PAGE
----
Hong Kong airport cancels all flights after protestors’ blockade

Hong Kong airport cancels all flights after protestors’ blockade

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Hong Kong Protests and strikes cause shutdown of flights.

Hong Kong airport has cancelled all remaining flights for a second day after protesters took over terminals.

It comes after immigration counters at the airport’s main terminal shut down after protesters blocked the entrance.

Hong Kong leader Carrie Lam said the ongoing instability, chaos and violence from pro-democracy protests have placed the city on a “path of no return.”

Flights resumed at Hong Kong airport today, although more than 100 remained cancelled a day after protesters forced one of the world’s busiest transport hubs to shut down to highlight their calls for an independent inquiry into alleged police abuse.

A few thousand protesters have gathered at the airport for a fifth day after they forced the shutdown of the main terminal on Monday, leading to the cancellation of more than 200 flights.

The central government in Beijing characterised the protest movement as something approaching “terrorism” that posed an “existential threat” to local citizens.

Meanwhile, paramilitary police have been assembling across the border in the city of Shenzhen for exercises in what some saw as a threat to increase force brought against the mostly young protesters who have turned out in their thousands over the past 10 weeks.

The demonstrators have shown no sign of letting up on their campaign to force Ms Lam’s administration to respond to their demands, including that she step down and entirely scrap legislation that could have seen criminal suspects sent to mainland China to face torture and unfair or politically charged trials.

While Beijing tends to define terrorism broadly, extending it especially to non-violent movements opposing government policies in minority regions such as Tibet and Xinjiang, the government’s usage of the term in relation to Hong Kong raised the prospect of greater violence and the possible suspension of legal rights for those detained.

Demonstrators have in recent days focused on their demand for an independent inquiry into what they call the police’s abuse of power and negligence. That followed reports and circulating video footage of violent arrests and injuries sustained by protesters.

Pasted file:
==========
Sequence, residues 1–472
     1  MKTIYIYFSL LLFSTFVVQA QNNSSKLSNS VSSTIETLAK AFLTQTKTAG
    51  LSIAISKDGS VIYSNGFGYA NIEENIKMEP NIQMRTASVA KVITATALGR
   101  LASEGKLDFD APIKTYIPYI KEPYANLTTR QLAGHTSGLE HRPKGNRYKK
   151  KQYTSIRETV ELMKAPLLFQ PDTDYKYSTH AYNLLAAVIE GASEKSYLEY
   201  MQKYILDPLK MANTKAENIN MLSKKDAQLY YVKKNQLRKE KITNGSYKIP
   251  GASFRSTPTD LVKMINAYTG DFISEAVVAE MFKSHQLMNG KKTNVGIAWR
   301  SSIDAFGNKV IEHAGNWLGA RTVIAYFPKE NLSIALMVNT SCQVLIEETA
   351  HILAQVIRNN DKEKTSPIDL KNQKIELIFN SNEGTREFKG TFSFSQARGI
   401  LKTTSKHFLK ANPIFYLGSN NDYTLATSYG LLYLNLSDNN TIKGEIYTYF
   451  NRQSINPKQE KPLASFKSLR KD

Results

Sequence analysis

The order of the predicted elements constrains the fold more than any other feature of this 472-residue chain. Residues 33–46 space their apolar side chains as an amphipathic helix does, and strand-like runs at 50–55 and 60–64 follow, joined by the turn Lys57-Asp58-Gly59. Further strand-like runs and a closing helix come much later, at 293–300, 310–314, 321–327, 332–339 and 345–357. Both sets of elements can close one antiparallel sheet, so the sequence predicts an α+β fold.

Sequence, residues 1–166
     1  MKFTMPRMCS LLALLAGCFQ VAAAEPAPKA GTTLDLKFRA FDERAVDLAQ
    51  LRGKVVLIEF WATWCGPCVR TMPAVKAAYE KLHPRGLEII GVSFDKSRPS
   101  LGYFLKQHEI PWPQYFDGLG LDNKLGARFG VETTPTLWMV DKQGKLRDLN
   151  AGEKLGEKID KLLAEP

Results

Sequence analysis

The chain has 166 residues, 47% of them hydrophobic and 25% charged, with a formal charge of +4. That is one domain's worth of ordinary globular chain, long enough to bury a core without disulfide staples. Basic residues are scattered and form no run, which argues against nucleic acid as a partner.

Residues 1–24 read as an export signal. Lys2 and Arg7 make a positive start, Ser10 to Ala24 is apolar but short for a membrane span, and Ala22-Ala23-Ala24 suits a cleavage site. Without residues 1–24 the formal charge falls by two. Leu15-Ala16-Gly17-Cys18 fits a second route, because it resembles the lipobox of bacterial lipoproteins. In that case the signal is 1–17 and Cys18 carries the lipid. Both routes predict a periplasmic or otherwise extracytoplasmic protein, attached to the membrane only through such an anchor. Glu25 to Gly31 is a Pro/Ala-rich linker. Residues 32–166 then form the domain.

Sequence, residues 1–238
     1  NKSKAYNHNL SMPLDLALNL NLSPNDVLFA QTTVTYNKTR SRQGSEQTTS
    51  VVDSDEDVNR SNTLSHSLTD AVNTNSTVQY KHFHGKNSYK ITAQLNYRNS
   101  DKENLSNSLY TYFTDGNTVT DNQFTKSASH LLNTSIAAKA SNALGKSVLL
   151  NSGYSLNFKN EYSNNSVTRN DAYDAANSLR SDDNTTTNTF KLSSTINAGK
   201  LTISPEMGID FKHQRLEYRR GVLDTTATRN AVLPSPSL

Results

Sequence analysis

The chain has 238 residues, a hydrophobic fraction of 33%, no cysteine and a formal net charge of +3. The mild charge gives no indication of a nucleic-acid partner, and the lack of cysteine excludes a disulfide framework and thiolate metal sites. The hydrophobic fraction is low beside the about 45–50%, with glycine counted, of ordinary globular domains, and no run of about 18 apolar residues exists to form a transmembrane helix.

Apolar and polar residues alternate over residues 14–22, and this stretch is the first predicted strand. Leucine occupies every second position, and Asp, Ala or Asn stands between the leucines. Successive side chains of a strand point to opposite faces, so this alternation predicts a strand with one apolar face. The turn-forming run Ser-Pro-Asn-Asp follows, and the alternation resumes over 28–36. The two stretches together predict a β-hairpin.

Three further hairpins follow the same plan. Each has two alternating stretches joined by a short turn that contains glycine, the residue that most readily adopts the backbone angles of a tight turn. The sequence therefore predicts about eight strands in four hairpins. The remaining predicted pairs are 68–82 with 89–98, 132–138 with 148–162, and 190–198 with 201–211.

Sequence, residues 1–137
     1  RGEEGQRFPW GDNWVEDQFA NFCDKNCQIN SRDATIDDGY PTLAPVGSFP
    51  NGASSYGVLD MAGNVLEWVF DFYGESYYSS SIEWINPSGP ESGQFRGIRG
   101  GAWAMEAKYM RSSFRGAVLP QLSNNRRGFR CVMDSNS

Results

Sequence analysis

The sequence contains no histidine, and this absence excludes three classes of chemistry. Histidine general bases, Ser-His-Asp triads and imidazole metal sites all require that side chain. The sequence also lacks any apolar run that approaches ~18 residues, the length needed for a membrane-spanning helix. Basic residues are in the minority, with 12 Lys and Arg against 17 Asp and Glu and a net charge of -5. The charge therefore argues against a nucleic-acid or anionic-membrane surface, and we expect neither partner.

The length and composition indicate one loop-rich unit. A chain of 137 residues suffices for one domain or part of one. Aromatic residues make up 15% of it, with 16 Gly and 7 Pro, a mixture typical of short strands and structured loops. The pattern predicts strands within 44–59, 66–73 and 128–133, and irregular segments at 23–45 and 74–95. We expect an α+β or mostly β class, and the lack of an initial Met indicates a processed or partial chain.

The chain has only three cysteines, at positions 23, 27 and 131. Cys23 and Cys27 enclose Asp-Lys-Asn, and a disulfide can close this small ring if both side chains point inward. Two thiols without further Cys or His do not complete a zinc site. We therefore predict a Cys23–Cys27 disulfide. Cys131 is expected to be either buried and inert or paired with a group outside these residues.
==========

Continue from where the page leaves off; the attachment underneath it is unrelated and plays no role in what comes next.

Some protesters have thrown bricks, eggs and flaming objects at police stations and police said they arrested another 149 demonstrators over the weekend, bringing the total to more than 700 since early June. Police say several officers have suffered burns, bruises and eye damage inflicted by protesters.

Ms Lam told reporters on Tuesday that dialogue would only begin when the violence stopped. She reiterated her support for the police and said they have had to make on-the-spot decisions under difficult circumstances, using “the lowest level of force”.

“After the violence has been stopped, and the chaotic situation that we are seeing could subside,” Ms Lam said, “I as the chief executive will be responsible to rebuild Hong Kong’s economy … to help Hong Kong to move on.”

She did not elaborate on what steps her government will take toward reconciliation.
After two months, the protests have become increasingly divisive and prompted clashes across the city.

Hong Kong was promised democratic rights not enjoyed in Communist Party-ruled mainland China when Beijing took over what had been a British colony in 1997, but some have accused Beijing of steadily eroding their freedoms.

Those doubts are fuelling the protests, which build on a previous opposition movement that shut down much of the city for seven weeks in 2014 that eventually fizzled out and whose leaders have been imprisoned.

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